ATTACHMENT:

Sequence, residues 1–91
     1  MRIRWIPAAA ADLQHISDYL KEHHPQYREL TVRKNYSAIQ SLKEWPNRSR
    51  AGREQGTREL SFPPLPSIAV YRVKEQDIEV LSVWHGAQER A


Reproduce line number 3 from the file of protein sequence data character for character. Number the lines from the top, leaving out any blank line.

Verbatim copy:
    51  AGREQGTREL SFPPLPSIAV YRVKEQDIEV LSVWHGAQER A